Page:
You might ask, “But what about the video?” You mean the video that looks a lot like this one of the Syrian opposition rehearsing a fake chemical weapons attack? The one with the inconsistent (but disturbing) aftermath footage? The one in which medical professionals who were filmed in the video spoke out about the artificiality of the video? The one in which a boy in the video confessed that the White Helmets started pouring water on all the children and faking other treatments? I think I can draw the obvious conclusions, but if I do, I might be accused of being an “apologist”, a “denier”, or “pro-Assad.”
The FFM team was not able to enter Douma for almost a week after its arrival, owing to the high security risks to the team, which included the presence of unexploded ordnance, explosives, and sleeper cells still suspected of being active in Douma. On 18 April 2018, during a reconnaissance visit to two sites of interest, the security detail was confronted by a hostile crowd and came under fire from small arms and a hand grenade that exploded. The incident reportedly resulted in two fatalities and one injury.”
The report also says that the planned FFM deployment was delayed until security was ensured, as suggested by the UNDSS (United Nations Department for Safety and Security), and these security measures included
(a) clearing the areas to be visited by the FFM team;
(b) securing the areas during the 24-hour period before deployment;
(c) increasing the number of escorts and having advance teams from the UNDSS and the Russian Military Police monitor the area prior to the arrival of the team at the sites;
(d) using the police force for crowd control;
(e) minimising the movement of civilians near the areas of interest given the possibility of suicide bombers getting within close proximity of the inspection team;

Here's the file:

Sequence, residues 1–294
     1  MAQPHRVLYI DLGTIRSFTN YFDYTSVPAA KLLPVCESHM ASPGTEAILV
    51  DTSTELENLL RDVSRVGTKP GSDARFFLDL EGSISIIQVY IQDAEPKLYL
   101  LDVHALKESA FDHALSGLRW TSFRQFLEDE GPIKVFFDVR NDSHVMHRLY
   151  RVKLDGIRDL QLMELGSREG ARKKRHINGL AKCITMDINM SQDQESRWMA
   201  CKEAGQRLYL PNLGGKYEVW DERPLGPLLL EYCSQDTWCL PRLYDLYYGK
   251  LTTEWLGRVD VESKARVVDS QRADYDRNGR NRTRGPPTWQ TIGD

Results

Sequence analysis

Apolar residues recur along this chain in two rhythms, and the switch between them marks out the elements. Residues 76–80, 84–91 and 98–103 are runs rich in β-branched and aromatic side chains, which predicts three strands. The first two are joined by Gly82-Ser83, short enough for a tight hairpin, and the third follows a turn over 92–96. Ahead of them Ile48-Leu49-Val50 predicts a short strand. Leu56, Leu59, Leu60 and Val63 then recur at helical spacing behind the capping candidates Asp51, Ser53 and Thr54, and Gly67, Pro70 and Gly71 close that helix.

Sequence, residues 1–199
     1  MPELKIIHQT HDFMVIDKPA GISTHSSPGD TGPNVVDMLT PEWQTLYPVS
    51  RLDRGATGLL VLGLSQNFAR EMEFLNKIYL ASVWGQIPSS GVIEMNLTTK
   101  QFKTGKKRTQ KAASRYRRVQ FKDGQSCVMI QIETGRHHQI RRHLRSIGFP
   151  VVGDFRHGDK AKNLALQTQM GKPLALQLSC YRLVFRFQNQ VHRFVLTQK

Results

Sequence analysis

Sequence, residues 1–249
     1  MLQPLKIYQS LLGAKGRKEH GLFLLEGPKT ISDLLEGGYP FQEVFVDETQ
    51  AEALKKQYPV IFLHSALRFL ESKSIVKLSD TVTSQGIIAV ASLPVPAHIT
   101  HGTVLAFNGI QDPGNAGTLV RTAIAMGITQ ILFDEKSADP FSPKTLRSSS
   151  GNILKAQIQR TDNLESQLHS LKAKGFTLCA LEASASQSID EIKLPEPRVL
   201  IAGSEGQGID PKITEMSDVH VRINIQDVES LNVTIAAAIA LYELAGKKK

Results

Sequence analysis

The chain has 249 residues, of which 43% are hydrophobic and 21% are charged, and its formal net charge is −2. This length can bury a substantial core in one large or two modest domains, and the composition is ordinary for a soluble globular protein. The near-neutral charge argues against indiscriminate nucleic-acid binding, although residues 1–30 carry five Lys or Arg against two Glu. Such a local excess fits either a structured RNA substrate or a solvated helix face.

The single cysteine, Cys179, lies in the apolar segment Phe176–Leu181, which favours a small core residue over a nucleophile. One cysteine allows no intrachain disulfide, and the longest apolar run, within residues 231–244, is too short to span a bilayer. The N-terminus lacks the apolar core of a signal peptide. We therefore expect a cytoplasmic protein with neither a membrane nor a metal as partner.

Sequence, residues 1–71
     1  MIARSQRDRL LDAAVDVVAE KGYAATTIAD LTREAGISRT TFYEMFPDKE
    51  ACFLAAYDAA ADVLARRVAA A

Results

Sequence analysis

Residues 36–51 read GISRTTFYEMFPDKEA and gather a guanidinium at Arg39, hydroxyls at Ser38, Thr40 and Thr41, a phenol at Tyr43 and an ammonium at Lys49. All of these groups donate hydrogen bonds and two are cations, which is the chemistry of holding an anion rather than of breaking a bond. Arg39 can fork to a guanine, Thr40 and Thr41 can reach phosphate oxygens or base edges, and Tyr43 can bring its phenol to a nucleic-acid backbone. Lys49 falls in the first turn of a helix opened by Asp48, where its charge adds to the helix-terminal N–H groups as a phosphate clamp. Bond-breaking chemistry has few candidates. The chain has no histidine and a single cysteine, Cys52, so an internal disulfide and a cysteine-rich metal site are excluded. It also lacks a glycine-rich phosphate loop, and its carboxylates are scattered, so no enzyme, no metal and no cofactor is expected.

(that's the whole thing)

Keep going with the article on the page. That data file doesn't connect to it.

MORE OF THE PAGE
and (f) deploying snipers on rooftops around the sites of interest.”
The United Nations suggested that they make the areas safer, so the Russian Military Police complied; they weren’t blocking anyone off from Douma with secretive, malicious intentions.
In fact the Syrian Arab Republic wasn’t reluctant to have an investigation in the first place:
On 10 April 2018, the Secretariat sent note verbale No. NV/ODG/214589/18 to the Syrian Arab Republic expressing its intention to deploy a team to Damascus. This correspondence coincided with note verbale No. 38 from the Permanent Representation of the Syrian Arab Republic to the OPCW requesting that an FFM team be dispatched urgently to visit the town of Douma to verify the information surrounding the alleged use of toxic chemicals on 7 April 2018. On the same day, the Permanent Representative of the Russian Federation to the OPCW submitted a letter to the Secretariat in which he welcomed the request from the Syrian Arab Republic and pledged to facilitate the work of the FFM.”
But Syria and Russia were eager for a report and investigation, which isn’t how a government guilty of a massacre would react. Suspected murderers who turn out guilty typically aren’t desperate for the site of their crime to be investigated.
You might be thinking, “Why are you so adamant about defending the Syrian Arab Republic?” And the truth is, I’m not entirely. I’m adamant about defending the truth, the truth that has been hidden or distorted so often by western media, and their manipulation of current events has only led to the political nightmares in Libya, Iraq, Afghanistan, among many others. I’m not saying the Syrian government is perfect, nor do I agree with parts of their political ideology and laws, but I am saying this: the media lies a lot, and those lies lead to deaths.
Here in the imperial core, encouraging people to think critically, read carefully, and not jump to conclusions, while consuming media that isn’t tainted by greed and popularity, is the most I can do to try and stop these things from happening. No, I don’t think this article will single handedly end the Syrian Civil War, but the more people that are against western perpetuation of it, the better. Our suspicions aren’t historically unwarranted and if my defense of truth is a defense of the Syrian Arab Republic government, then maybe Assad is on the side of truth.
If the entire report, when finally completed, shows that the SAA isn’t guilty, the precedent that the imperialist triplets used to justify their bombing (which luckily harmed nobody) would turn out to be false, like Iraq, and Vietnam, and Libya. But they had to be telling the truth this time. Conveniently, they bombed the place where Assad was allegedly developing chemical weapons to kill civilians, which would have been a good place for the OPCW to investigate, had it not been blown to smithereens. Regardless of who is guilty, we must never forget the victims of this horrendous, bloody war; the loss of thousands of innocent civilians is something to mourn about, no matter who is guilty. The most we can do for them is bring justice to those that stole their lives, and somehow try to stop these things from happening again.